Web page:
Trinity students yesterday joined the Union of Students in Ireland (USI) in a rally on climate action outside Leinster House. The rally was to show support for a hearing which will see the Irish Government taken to court, which organisers say is a result of their “failing to act on climate change”.
Ralliers gathered outside of Leinster House yesterday evening at 4pm showing placards illustrating their support for the court case. The rally saw around 300 attendees, with various speakers addressing the crowd.
The rally heard from speakers such as environmental campaigner John Gibbons, who spoke alongside his daughter Sophie at the rally. They addressed their concerns about climate change, and said that people think “we have all the time in the world” to solve a problem which we constantly “push to the side”. They also encouraged that while people focus on their studies, they also focus this energy on saving the environment.
The event was also addressed by a Friends of the Irish Environment (FIE) speaker. They noted that climate change is “at the bottom of most politicians’ agenda”. They warned of “extinction”, with a new economic model and approach required to avoid this. They also called for “imperative radical change”. They finished by encouraging young people to become involved in combating climate change.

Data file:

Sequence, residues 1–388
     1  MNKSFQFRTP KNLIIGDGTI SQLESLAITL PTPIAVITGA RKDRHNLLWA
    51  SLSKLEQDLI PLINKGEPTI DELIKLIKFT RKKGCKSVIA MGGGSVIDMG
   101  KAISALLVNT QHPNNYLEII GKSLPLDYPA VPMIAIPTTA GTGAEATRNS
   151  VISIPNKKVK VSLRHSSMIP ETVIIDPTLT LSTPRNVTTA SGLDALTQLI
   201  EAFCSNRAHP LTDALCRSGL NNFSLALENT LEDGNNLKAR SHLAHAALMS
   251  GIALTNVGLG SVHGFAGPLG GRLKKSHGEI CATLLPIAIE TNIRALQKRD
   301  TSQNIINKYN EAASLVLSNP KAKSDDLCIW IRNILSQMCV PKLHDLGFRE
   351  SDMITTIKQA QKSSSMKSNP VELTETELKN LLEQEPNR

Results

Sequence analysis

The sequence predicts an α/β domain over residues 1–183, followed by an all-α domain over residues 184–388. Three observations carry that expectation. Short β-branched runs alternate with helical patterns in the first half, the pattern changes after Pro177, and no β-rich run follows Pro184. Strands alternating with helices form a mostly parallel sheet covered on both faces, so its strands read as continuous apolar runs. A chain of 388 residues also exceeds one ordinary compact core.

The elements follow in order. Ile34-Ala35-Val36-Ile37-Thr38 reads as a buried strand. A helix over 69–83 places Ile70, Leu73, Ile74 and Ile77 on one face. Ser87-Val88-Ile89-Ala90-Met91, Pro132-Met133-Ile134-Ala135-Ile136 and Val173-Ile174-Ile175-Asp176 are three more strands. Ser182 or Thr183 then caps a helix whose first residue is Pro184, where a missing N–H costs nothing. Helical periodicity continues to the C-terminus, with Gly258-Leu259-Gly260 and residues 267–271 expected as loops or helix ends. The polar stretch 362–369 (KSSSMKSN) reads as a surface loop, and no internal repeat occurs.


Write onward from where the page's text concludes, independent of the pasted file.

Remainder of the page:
USI President Síona Cahill also addressed the rally, and commended its high attendance. She said she was “not prepared” to let the government away with it any more. She also commended Trinity’s fossil fuel campaign, and “other unreal work” going on across campuses in Ireland. She stated that “the student movement is committed” to climate action.
Climate Case Ireland have seen a petition for support started prior to the rally receive over 10,000 signatures. Those signing the petition are declaring that the court hearing is being taken “in my name”. The case will come before the courts on 22 January, and is being taken by FIE.
This is the first case of its kind taken in Ireland, with organisers noting that “citizens are seeking to hold their government accountable for its role in knowingly contributing to dangerous levels of climate change”.
They also claim that the government’s approval of the National Mitigation Plan 2017 “was in violation of Ireland’s Climate Action and Low Carbon Development Act 2015, the Constitution, and human rights obligations”. They conclude by saying that “the plan falls far short of the steps required by the Paris Agreement on climate change”.
FIE’s website goes further, and notes that “climate change is a threat to all of us, yet the Irish Government’s climate policy is weak and unambitious”. They also point out that Ireland’s carbon emissions are “among the highest per capita in the EU”.
The event was also addressed by an FEI speaker. They noted that climate change is “at the bottom of most politician’s agenda”. They warned of “extinction”, with a new economic model and approach required to avoid this. They also called for “imperative radical change”. They finished by encouraging young people to become involved in combating climate change.